Two of the warning signs of a late-cycle real estate market are if rapid growth of mortgage debt leads to high leverage and precarious financial positions of investors in commercial real estate, and if debt-financed transactions fuel unsustainable property price increases. Recent data on commercial mortgage lending from the Fed’s Financial Accounts of the United States show an increase of $168 billion (at an annual rate) in the second quarter, the largest increase in commercial mortgage debt since the first quarter of 2008 (chart below, black line). Taken at face value, debt growth reaching a new high for the cycle warrants careful attention.
A broader historical perspective, however, suggests that the recent pickup in lending is still far from an “overheating” pace. Indeed, while growth of mortgage debt in the spring was the fastest to date in this real estate cycle, debt growth was only half the pace prior to the financial crisis, when lending peaked at an annualized $334.1 billion in 2007:Q3.
Commercial mortgage lending over the past two years has been provided by a broadening set of sources. Commercial banks have been the mainstay of lending, providing more than three-quarters of the total increase in commercial mortgages since 2013. In the second quarter, however, the bank share slipped to just over half (blue bars). The CMBS market provided a modest amount of credit in the second quarter, following several quarters where maturities of CMBS issued prior to the financial crisis exceeded issuance of new CMBS (orange bars). It is an encouraging sign for commercial real estate that net CMBS issuance has turned positive, as the market is moving past refinancing the “wall of maturities” issued 10 years earlier.
Life insurance companies have been another growing source of funding in the commercial mortgage market. Net lending by insurers was $42.3 billion (annual rate) in the second quarter (green bars). Total commercial mortgage loans at life insurance companies are up 10 percent over the past year, a growth rate this sector has not seen since the 1980s. Just as too much debt growth can be problematic for the real estate sector if it leads to overheating, too little debt can starve property markets from the financing they need for normal investment and development purposes. The broadening of lending flows to include greater participation from life insurers and CMBS issuance is a sign of a healthy lending market.
Balance sheets have benefitted from the restrained pace of borrowing during the current cycle. Leverage, measured as the ratio of total debt to book assets of nonfinancial noncorporate businesses (which include most private investors in commercial real estate), stood at 27.0 percent in the second quarter, according to balance sheet data in the Financial Accounts. This book leverage ratio is 6.0 percentage points below the peak in 2009, and the ratio of mortgage debt to book assets is 4.4 percentage points below its prior cycle peak. This sector includes many firms in businesses not related to real estate, and their more limited use of mortgage debt pulls down the reported overall leverage for the sector. The main driver of debt ratios for total noncorporate businesses, however, is mortgage debt on commercial properties. These book value ratios, furthermore, understate the improvement in overall balance sheet positions, as the growth in commercial property prices has generally outpaced growth in mortgage debt outstanding, sometimes by 10 percentage points or more (Chart below, orange line). A mark-to-market measure of total assets and these balance sheet ratios would show even greater reductions in leverage since prior to the finanical crisis.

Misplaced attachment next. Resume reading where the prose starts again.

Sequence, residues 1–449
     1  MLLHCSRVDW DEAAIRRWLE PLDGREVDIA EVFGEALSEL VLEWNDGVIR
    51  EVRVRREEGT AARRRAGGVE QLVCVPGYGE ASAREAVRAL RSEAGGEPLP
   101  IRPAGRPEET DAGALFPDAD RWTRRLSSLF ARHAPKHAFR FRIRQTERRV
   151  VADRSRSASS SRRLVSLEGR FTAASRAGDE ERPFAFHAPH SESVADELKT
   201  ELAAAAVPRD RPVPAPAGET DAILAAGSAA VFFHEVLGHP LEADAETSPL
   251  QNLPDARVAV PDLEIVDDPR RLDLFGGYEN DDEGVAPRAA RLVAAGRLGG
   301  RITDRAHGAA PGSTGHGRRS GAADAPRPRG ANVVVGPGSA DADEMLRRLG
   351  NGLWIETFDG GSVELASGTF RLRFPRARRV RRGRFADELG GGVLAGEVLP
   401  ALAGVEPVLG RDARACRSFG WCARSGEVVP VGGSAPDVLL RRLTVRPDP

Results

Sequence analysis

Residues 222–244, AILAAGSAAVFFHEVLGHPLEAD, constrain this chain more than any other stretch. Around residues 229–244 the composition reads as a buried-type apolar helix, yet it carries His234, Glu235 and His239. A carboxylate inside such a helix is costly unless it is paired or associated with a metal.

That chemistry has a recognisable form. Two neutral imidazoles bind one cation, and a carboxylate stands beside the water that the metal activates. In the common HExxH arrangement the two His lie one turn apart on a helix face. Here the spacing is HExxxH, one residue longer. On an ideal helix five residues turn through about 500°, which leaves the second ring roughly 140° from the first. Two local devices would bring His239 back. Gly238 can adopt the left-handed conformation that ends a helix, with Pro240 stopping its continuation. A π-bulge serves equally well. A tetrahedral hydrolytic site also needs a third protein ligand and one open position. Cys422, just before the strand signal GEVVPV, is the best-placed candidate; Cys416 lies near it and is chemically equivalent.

Lending in the multifamily mortgage market has eased slightly. Multifamily mortgage loans rose at a $93.1 billion annual rate in the second quarter, roughly in line with the pace in the first quarter. For the first half of the year, multifamily lending was running 16.1 percent below the pace over the prior four quarters. Transactions in the apartment market have slowed a bit this year, and lending has followed suit. GSE mortgage pools provided about half the net increase in funding for the multifamily mortgage market in the second quarter, with commercial banks and life insurers accounting for most of the rest of the lending.